Know that these are only a small selection of clippings directly about international NGOs that appeared during what I experienced as the worst months of anti-NGO publicity in the English press, mostly October of last year. Colombo has three English-language dailies; one can be seen as a channel for the GoSL viewpoint, another as the essentially Sinhalese-nationalist counterpart to the Murdoch-era New York Post; and the third is the only one my experiences lead me to believe attempts to research and report stories with some impartiality and neutrality. As far as I could ascertain, none of the plethora of Sinhalese-language papers carried any of these stories last fall: it seemed all to be a domestic political shadow-play put on for the benefit of the English-speaking elite and expatriate residents in Colombo. This changed a few months later, when events caused both Save the Children and Oxfam to come under public criticism for trumped-up reasons, when the Sinhalese papers carried some stories that I personally thought could be quite dangerous for people working at those NGOs. (If I remember correctly, as one example, when the army overran some southeastern LTTE-controlled zones very early this year, they found Save-the-Children distributed fishing boats in a few LTTE camps: these boats had been broadly distributed in areas most affected by the tsunami back in 2005, in areas under both GoSL and LTTE control, and what agency could possibly control the fate of every one of hundreds of boats distributed more than a year earlier? None of the explanatory facts appeared in early media reports about these events: those that I saw all chose to portray these agencies as actively supporting the LTTE. This in an environment in which extra-judicial killings against people perceived to be acting for or against any of the various sides in this conflict are extremely common, thereby making it ever more dangerous for NGOs to work in Sri Lanka, especially for any Sri Lankan citizens to work with the NGOs. Example – in the Jaffna Peninsula which is under government control, a hand grenade was thrown into the compound of the International Committee of the Red Cross last fall, on the same day that the Island article, shown above, appeared.
I suppose – I hope – books will be written about all this one day, because the issues involved are typically complex and many-faceted. NGOs in Sri Lanka and elsewhere make mistakes as do all human organizations, and it’s not my goal to portray them as infallible victims of politics or circumstance. But it is my goal to sensitize those reading this to the fact that the space for truly neutral, independent, and impartial humanitarian actors to operate in the world’s many zones of conflict continues to be challenged, restricted, and attacked by all sides – by both governmental and non-governmental actors in almost any context that I’ve read or heard about. And if we’re going to say, as supposedly civilized societies, that noncombatant civilians in these contexts have rights to basic necessities like food, shelter and medical care…then, well, somehow we have to re-forge some global recognition of these rights and of the responsibilities of humanitarian agencies to meet them when necessary. To the many well-meaning friends and families who continue to worry about my safety and well-being in these potentially-dangerous contexts where I work, I challenge you to recast your imaginations and ask why it’s OK for a kid born in these places to live, and (more likely than me) possibly die unremarked in these places, while I’m supposed to be some kind of hero for just going there and doing a little work there, always knowing I’ll be able to leave when my assignment is over, and spend a summer taking yoga classes and playing tennis in LA. There will always be a spectrum of haves and have-nots, but must the gulf between them, and our developed-world perception of the most have-not zones and their worthiness of attention, be so extreme?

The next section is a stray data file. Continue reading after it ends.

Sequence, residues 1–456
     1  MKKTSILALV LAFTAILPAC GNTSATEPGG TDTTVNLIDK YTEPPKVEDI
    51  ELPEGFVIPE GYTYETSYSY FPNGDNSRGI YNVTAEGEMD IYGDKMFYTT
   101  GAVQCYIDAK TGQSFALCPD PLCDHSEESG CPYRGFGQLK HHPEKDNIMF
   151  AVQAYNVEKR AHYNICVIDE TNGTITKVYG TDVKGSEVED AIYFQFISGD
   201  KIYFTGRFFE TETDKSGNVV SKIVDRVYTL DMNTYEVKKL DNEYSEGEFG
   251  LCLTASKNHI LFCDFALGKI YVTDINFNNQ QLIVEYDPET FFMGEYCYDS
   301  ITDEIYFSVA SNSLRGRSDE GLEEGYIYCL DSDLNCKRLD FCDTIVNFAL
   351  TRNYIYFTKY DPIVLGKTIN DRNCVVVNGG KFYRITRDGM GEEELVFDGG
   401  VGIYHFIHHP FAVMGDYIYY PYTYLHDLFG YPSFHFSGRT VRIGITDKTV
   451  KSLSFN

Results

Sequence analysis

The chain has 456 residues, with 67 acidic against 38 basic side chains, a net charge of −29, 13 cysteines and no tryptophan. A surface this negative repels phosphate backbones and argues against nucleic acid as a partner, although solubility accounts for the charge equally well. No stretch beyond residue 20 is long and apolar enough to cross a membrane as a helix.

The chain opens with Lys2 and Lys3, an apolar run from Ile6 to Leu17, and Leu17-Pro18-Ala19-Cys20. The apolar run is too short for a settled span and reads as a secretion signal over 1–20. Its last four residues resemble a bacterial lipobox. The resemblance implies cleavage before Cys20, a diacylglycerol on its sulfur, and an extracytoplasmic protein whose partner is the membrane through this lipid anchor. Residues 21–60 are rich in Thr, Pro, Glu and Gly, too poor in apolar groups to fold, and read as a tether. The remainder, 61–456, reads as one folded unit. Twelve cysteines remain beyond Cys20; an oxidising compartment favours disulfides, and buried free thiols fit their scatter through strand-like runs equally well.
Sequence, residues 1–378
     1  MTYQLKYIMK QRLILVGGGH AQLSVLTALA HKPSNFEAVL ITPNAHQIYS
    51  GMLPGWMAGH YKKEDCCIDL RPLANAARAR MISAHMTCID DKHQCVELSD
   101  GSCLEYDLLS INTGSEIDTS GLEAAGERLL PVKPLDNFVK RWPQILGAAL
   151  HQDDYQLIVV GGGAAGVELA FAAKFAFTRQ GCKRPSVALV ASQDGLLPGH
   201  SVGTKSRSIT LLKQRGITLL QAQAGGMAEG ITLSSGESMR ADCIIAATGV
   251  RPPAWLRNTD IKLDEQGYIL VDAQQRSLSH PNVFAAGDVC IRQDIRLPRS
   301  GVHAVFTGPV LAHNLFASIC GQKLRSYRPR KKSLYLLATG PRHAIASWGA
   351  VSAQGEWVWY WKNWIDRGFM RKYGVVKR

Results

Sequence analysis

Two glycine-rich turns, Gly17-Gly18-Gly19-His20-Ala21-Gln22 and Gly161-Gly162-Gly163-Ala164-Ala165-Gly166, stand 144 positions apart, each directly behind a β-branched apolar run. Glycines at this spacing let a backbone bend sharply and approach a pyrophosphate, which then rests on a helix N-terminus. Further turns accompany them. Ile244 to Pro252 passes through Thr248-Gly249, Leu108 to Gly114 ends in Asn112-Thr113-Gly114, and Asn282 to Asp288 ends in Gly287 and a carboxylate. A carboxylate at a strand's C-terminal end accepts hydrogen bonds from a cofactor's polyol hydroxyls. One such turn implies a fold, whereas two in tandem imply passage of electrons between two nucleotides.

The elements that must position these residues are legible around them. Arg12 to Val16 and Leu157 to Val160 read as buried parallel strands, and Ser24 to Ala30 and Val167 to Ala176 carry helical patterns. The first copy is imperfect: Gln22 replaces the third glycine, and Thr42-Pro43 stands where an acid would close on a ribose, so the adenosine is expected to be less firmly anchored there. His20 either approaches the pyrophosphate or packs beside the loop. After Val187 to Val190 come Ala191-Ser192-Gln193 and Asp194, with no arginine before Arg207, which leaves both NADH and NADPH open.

Having been obsessed, as a stamp- collecting child in landlocked southern Ohio, by the world’s smallest countries, it came as a special treat to me to realize that “tiny” Liechten- stein is within easy day-trip reach of Zurich, where I was based for five days after Paris. (The “tiny” comes from a fragment Carrie remembers from a sports announcer who used the adjective in describing the home country of an Olympic skier at some point.) The country is idea: goregous, easily seen in one day with a bus bas for the Liechtenstein bus system, and just generally cute and fun. For an extra fee at the post office, you can get your passport stamped, but at the borders you’re unlikely to see any Liechtenstein authorities. Though the Austrians, when I made the mistake of walking too far down the road toward the border and then asking a question about a monument to “the events of 1945” involving the Russians, did take a great interest in my passport. Must be a boring assignment, the Liechtenstein border.
Factoids about the country: it’s in between Austria and Switzerland, on the upper Rhein (the wide riverbed with only a little water in it is the Rhein; that it was so low in mid-April tells you how bad the summer may be in Europe); it has its own ski area (you’ll see some shots below, both of the ski area and of the Rhein seen from high up) near the highest point, which is something like 2500 meters or so. I feel a bit bad about putting this ahead of my Zurich shots…but after all, how often do you get to see pictures from Liechtenstein? 🙂
Meeting me at the Zurich train station on a Saturday afternoon several weeks ago, college friend Carrie said “welcome to Disneyland.” That was interesting, since Mom had commented that perhaps the French were unwelcoming of Eurodisney because, after all, pretty much the entire city of Paris is “Main Street, France.” That said, it’s true: Switzterland is almost too good, too beautiful, too clean, to be true. Great place to live, if you can get a job or afford it otherwise!